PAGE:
Having watched people, this transition is hard. Tradition (buildings, sermons, clergy, etc.) rather than the Lordship of Christ has been what has “kept people in line” for most of their lives. This realization that the tradition doesn’t have the support of the New Testament can cause people to throw off all restraints, including God-ordained ones. So not only do they get rid of buildings, sermons, and clergy, but they throw out sound doctrine, Scriptural purity, any kind of spiritual discipline, and commitment to other believers. These are quickly ship-wrecked in their walk with the Lord, because they aren’t just getting rid of traditions, they are getting rid of Christ’s lordship over their lives.
Which brings us to the topic of anarchy. The idea of anarchy is borrowed from the realm of government. It means a society without a government or more specifically a land not ruled by a king. The Church for a long time has submitted to illegitimate heads (think the Pope or abusive evangelical leadership structures) but the cure for the church is not “losing its heads.” The cure isn’t anarchy. The cure for the church is recovering submission to its true head: Jesus Christ (see Ephesians 5:23).
Instead of anarchy, instead of calling believers to throw off all restraint, our task is to call men and women to submit to Christ more fully and express that in ways that grow ever closer to the pattern we see in Scripture. We’re not looking for anarchy. We’re looking for the true headship of Christ expressed in His body. This is more like a reformation, where the very operating system of the church is reformatted and brought closer to it’s original design, than a free-for-all where we can pick and choose what parts of the Gospel we like or not.
So let’s test our previous assumptions. But let’s test them, not in the light of “doing whatever is right in our own eyes,” (Judges 17:6) but in relationship to Christ’s Lordship that we understand through a diligent and faithful study of God’s word. Let’s submit to the Kingship of God and find life and power beyond our understanding. Let’s pursue a reformation of the church and the removal of illegitimate kings, but let’s not throw away the kingship. Let’s just give it to the Man who deserves it: Jesus.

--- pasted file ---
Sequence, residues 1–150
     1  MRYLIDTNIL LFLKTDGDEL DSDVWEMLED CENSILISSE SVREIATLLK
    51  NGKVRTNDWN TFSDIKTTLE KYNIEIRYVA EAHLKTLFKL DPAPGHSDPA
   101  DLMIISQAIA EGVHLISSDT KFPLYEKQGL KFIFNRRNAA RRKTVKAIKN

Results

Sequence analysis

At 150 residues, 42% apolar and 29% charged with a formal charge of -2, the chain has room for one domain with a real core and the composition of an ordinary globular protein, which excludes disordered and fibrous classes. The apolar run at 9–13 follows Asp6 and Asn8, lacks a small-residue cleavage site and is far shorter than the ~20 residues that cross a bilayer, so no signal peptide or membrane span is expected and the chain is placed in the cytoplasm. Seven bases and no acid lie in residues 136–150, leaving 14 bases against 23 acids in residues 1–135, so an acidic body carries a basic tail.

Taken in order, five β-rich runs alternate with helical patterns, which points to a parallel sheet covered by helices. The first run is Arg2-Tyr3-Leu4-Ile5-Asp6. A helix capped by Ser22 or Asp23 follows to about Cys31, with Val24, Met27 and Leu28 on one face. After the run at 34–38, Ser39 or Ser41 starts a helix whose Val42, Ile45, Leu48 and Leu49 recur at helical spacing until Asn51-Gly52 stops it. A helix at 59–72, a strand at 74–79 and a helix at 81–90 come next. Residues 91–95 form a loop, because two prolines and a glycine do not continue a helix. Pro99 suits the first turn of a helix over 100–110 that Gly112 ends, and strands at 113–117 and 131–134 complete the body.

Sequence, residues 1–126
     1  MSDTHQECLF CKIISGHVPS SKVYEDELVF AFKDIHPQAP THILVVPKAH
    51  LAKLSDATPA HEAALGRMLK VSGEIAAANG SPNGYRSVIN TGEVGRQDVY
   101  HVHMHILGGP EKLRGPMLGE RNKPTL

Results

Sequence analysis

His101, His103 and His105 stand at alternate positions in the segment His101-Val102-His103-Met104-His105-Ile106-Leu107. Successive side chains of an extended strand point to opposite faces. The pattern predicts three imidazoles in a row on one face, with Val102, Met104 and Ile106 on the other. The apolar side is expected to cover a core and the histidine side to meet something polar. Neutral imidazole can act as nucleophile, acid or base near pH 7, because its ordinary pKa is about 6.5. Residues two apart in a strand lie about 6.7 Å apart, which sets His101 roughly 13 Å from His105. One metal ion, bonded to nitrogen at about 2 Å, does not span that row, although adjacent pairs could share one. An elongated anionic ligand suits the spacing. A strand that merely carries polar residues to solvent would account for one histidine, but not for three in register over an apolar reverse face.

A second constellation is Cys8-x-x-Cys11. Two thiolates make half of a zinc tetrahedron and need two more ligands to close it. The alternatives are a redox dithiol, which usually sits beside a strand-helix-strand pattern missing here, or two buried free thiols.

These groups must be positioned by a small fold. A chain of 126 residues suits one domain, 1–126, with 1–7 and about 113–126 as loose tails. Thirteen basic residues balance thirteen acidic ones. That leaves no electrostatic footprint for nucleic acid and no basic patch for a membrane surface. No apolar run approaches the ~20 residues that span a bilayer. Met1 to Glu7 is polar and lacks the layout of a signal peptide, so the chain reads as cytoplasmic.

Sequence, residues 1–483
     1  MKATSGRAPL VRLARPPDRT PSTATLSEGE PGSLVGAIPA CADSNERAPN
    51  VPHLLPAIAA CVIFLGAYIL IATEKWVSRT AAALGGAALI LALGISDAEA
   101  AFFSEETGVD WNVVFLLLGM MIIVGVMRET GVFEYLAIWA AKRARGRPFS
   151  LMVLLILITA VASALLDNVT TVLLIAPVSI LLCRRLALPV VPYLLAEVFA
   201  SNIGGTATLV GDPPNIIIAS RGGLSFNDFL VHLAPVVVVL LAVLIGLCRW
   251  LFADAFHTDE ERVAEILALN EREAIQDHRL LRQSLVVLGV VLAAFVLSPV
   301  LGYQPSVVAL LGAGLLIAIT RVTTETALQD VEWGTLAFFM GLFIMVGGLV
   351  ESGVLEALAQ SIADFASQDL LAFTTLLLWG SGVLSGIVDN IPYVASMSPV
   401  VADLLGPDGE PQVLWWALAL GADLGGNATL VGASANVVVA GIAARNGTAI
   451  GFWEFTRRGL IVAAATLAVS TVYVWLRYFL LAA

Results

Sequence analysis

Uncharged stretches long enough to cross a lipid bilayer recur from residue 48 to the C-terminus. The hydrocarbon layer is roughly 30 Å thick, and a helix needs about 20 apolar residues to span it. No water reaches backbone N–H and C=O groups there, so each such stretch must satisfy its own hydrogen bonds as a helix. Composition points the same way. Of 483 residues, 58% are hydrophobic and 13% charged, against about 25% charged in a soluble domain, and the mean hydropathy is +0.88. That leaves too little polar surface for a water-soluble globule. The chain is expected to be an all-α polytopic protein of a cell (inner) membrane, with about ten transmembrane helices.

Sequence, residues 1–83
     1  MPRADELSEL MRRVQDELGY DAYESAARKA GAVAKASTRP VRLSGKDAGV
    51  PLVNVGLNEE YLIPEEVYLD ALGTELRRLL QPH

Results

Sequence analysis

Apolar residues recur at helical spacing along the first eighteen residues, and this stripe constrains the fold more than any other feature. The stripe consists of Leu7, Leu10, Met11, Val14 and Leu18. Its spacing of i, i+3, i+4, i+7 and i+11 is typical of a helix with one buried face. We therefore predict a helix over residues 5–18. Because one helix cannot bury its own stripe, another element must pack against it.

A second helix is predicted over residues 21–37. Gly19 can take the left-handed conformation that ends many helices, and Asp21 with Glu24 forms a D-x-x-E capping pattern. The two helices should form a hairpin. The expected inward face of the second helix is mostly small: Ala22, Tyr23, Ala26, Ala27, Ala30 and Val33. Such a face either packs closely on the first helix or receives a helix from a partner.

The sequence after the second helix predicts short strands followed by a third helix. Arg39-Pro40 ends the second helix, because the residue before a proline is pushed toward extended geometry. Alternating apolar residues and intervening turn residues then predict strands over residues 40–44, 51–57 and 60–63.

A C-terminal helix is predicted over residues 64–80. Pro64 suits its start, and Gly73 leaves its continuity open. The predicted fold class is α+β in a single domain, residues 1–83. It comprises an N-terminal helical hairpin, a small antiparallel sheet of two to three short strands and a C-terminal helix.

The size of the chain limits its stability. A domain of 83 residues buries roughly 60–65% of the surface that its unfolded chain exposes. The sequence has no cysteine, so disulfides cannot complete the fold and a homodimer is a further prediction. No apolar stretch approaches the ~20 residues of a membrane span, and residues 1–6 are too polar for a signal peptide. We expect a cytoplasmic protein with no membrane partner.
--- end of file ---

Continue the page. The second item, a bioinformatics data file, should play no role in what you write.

Tonight I was on the phone with one of my good friends from Kansas City that I haven’t had a chance to chat with in a while. I was describing some of the wins we are experiencing and some of the challenges that are occurring at the same time. After two or three minutes, my friend gently broke into the conversation and challenged me. “You know what you should be spending your time doing right now is developing leaders for your third and fourth house church right now, right?”
I was dumbfounded (for a couple of reasons). I was shocked by how quickly he saw straight into the heart of some of the problems I’ve been facing. But more than that, I was shocked at how obvious what he was saying was and how clearly I had missed that fact. It seems that in preparing a church for the harvest, I had totally neglected leadership development in our midst.
But the conversation gets right to the heart of a problem that I believe we face in the West. Our ability to reach further into the harvest depends significantly on our ability to raise up new, harvest-minded leaders in our midst. We think finding the harvest is our biggest issue. We often forget that the harvest is plentiful but the workers are few.
Join me today in praying that God would raise up workers for His harvest here and where you are.